One NP complete problem that could exploit the ant’s natural behavior is the Stable Roommates Problem.  The problem is to create stable roommates pairs out of the entire set of roommates.  The solution is unstable if and only if two paired roommates prefer each other to their current roommates.  A solution is stable if it not unstable.  There are may be possible sets of roommate preferences where a stable solution is not possible.  The stable roommates problem is reducible from the stable marriage problem, which is a well-established NP complete problem.  The stable marriage problem consists of creating pairings from two distinct sets usually described as male and female.  The females have a complete preference list for all of the males. 

 


                                                                                                           

 

                                                                                                                                   

Stable Marriage                                                                                    Stable Roommates

Figure 2: Difference between Stable Marriage and Stable Roommate Problems

The stable roommates problem remains an NP complete problem because instead of having two separate sets, the stable roommate problem is built on a completely connected graph, which contains more edges than a bipartite graph (see Figure 2).  I have designed a solution to the stable roommate problem using an ant algorithm.

In order to use an ant algorithm most efficiently, the problem needs to be able to be represented as a graph with weighted edges.  The Stable Roommates Problem can be constructed in this fashion, and an ant algorithm can exploit the use of pheromone in solving the problem.  The problem is represented as a fully connected graph, with each node connected to every other node.  A node represents a roommate (which can also be considered by a colony of ants), and the weight of an edges leading from that node (n1) to another node (n2) represents that n1’s inherent preference for n2.  The edges are constructed using an adjacency matrix.  A roommate’s preference for another roommate is determined by their similarity, by how many attributes their share.  I have chosen to work with binary attributes (smoker/non-smoker) so that a roommate can effectively be represented by a string of 1’s and 0’s.  Similarity is then determined by comparing two different strings of 1’s and 0’s.  Therefore a non-smoker, morning preferring, noisy, studious roommate could be represented with the string 0111.  For testing purposes these roommate strings are generated randomly.  The similarity is then used as the default weight for the edge between the two roommates in the adjacency matrix.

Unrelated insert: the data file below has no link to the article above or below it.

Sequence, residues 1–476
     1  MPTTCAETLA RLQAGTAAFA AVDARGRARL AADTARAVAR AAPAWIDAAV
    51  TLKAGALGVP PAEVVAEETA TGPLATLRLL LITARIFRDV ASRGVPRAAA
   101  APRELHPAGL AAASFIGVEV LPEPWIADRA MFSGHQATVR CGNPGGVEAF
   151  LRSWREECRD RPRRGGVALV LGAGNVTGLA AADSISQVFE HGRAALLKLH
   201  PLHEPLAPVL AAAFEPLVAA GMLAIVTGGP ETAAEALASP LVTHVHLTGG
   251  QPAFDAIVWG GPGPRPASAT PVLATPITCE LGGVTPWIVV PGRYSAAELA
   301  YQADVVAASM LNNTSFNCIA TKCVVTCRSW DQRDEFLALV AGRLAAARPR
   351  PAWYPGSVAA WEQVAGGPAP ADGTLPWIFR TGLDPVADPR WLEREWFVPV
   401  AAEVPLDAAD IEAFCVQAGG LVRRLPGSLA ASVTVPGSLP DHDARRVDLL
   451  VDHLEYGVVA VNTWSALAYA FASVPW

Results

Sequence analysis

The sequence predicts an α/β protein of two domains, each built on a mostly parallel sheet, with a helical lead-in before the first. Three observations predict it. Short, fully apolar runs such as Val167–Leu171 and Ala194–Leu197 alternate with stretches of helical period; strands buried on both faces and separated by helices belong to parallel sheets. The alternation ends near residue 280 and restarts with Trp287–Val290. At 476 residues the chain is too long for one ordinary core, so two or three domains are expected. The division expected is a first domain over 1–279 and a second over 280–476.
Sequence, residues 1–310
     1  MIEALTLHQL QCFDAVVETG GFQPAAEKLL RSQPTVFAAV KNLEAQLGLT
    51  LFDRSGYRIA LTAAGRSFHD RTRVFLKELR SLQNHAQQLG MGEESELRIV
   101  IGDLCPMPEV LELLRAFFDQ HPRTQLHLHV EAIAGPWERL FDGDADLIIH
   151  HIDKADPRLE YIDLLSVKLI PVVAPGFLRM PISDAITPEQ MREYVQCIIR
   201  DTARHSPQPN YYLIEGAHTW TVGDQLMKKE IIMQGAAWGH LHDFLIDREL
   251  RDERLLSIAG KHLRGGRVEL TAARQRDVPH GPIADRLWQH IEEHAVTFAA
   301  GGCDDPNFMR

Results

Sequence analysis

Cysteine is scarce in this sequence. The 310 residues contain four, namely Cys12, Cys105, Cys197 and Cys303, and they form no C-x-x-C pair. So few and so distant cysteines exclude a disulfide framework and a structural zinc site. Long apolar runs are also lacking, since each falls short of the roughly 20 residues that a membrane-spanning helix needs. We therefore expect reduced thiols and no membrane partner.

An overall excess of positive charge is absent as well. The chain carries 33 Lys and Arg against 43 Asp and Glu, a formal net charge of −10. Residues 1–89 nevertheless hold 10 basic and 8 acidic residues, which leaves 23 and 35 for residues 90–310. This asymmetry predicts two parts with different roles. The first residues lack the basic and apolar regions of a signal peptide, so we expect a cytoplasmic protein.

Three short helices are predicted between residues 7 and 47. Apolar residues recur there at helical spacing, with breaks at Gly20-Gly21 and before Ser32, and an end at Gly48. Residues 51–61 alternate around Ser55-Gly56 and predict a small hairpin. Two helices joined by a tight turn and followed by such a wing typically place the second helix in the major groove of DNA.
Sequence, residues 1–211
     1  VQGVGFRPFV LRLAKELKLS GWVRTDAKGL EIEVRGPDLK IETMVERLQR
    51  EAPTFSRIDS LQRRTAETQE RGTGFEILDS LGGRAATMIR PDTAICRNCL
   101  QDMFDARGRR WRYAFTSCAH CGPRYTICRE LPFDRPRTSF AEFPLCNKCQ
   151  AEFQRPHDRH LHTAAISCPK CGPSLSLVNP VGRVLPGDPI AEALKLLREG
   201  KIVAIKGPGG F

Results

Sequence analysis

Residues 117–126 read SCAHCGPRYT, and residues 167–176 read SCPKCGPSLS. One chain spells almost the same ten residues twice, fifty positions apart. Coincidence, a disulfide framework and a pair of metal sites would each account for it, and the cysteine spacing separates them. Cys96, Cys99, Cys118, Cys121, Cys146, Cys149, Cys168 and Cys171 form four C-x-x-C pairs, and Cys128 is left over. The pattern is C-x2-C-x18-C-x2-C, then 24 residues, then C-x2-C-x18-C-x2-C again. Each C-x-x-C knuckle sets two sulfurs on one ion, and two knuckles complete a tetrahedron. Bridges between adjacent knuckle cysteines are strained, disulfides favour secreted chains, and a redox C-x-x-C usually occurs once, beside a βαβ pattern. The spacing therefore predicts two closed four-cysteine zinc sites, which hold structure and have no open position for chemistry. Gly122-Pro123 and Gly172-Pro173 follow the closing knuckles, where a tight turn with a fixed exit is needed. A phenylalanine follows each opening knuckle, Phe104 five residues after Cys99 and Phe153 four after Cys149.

Once the similarity has been determined, then the problem has been set up and is ready for traversal by the ants from each colony/roommate.  Each colony’s swarm explores the graph, much like real ants foraging for food.  The exact number of ants per colony is a variable that can be manipulated to achieve varied results.  An optimal number of ants per colony has yet to be determined.  Once an ant finds another roommate/colony it returns to it’s own nest as if it were returning with food.  The weight of the edge should determine the probability the ant would choose that edge.  As the ants traverse the graph they dispense pheromone.  Once the ant returns to the nest, it senses the pheromone and chooses whether or not to follow the pheromone trail based on a transition equation (Bonabeau p. 67) Thus, ants that find roommates who are more similar (edges with larger weight) will deposit more pheromone on the edges that connect to more similar roommates, making those edges more attractive to other ants.